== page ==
High-Throughput Immunofluorescence Staining & Immunophenotyping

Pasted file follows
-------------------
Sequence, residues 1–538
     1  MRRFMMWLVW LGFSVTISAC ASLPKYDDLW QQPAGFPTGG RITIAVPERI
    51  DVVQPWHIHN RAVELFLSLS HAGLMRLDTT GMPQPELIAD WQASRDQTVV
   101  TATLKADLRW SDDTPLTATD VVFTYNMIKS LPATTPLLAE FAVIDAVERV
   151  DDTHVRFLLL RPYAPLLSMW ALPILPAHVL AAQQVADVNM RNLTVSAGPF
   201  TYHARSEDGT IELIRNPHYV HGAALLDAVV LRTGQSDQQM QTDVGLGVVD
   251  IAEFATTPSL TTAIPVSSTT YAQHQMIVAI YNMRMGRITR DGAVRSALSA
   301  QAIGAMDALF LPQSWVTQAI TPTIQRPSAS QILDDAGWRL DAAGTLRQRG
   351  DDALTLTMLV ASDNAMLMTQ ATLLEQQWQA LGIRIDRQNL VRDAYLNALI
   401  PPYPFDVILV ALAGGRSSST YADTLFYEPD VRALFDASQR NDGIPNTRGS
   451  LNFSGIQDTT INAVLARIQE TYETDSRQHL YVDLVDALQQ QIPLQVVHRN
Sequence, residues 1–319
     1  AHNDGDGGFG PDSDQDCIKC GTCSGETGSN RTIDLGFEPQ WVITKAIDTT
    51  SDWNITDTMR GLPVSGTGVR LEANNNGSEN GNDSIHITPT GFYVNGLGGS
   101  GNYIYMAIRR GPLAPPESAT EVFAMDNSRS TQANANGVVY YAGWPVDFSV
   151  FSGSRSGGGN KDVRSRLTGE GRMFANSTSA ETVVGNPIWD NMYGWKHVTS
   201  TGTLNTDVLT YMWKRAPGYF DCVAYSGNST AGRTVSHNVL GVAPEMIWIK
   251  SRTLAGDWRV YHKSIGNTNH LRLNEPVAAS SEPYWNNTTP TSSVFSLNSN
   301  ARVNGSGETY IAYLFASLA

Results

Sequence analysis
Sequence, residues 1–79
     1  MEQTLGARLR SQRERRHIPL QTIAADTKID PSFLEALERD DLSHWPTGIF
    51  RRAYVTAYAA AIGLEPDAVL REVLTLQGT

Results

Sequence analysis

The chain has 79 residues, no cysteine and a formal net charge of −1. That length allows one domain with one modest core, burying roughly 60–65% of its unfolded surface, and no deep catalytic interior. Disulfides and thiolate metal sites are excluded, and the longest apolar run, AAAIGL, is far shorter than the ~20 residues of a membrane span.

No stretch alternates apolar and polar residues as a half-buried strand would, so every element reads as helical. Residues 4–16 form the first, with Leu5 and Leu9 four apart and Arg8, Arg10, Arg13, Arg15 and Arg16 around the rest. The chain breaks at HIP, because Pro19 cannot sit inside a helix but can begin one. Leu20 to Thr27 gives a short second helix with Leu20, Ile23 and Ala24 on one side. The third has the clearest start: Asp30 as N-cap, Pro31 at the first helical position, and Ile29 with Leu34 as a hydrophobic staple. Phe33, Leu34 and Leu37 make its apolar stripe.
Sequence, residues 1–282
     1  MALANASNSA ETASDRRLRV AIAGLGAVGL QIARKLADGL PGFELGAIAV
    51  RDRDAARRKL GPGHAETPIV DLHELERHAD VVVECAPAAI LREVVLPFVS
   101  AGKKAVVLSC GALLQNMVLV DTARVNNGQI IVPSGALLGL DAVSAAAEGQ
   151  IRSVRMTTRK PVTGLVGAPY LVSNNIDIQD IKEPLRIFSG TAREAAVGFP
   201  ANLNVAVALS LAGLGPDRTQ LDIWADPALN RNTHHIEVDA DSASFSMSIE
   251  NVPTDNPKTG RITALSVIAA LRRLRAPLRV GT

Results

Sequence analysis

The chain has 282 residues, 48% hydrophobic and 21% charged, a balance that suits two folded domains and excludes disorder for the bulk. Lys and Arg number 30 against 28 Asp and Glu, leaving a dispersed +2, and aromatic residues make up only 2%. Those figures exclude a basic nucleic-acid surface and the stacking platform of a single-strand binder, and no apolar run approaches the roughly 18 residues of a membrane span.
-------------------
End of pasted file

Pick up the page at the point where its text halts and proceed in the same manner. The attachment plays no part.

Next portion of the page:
Biomarkers play a critical role in clinical diagnostics and treatment as well as in drug screening and prognosis. Immunofluorescence and immunophenotyping are just two common techniques used to detect the relative abundance and location of protein biomarkers in fixed cells. Both methods, immunophenotyping and immunofluorescence staining, are often performed manually and require intense optimization and quality control. Automating these protocols on the VANTAGE allowed researchers to control user errors and increase throughput. Because of the unique vertical integration of the platform and tremendous flexibility of the pipetting deck, both assays were able to performed on-deck simultaneously. By using the native Scheduler, researchers were able to run parallel activities and process multiple plates simultaneously, thereby maximizing the throughput of both methods. Overall, automation of immunophenotyping and immunofluorescence protocols on the VANTAGE increased walk-away time while producing high quality results. System Deck Layout     Key Features Vertical integration through the Logistics Cabinet and Track Gripper minimizes system footprint and enables below-deck integration of the following devices:        (5) Inheco Thermoshakes, (2) Inheco MTEC Controllers, Agilent VSpin, Biotek ELX405US washer/bottles Deck flexibility and labware capacity is maximized with the Entry/Exit tip and plate shuttling module Dynamic scheduling increases efficiency and throughput, allowing up to (5) plates of each assay to be processed in a single run Clean integration of chemical exhaust hood   Workflow Immunofluorescence Staining Protocol   Results Following fixation on Hamilton Vantage, A549 cells maintained normal morphology. Nuclei and actin staining was even across the wells. Images were taken on ImageXpress Micro, Molecular Devices automated microscope.   Conclusion Researchers were able to successfully automate both immunophenotyping (not shown) and immunofluorescence assays on the VANTAGE. All the reagents and devices, including cooling station and plate washer, were integrated and performed as expected. Automation on the VANTAGE increased efficiency by allowing researchers to execute the immunofluorescence protocol overnight with no human intervention. Also, productivity was increased whereby five plates were processed in 9.5 hours compared to one plate in 4.5 hours. Of final note, due to the automation of the long and strenuous process, researcher fatigue associated with manual processing was greatly reduced.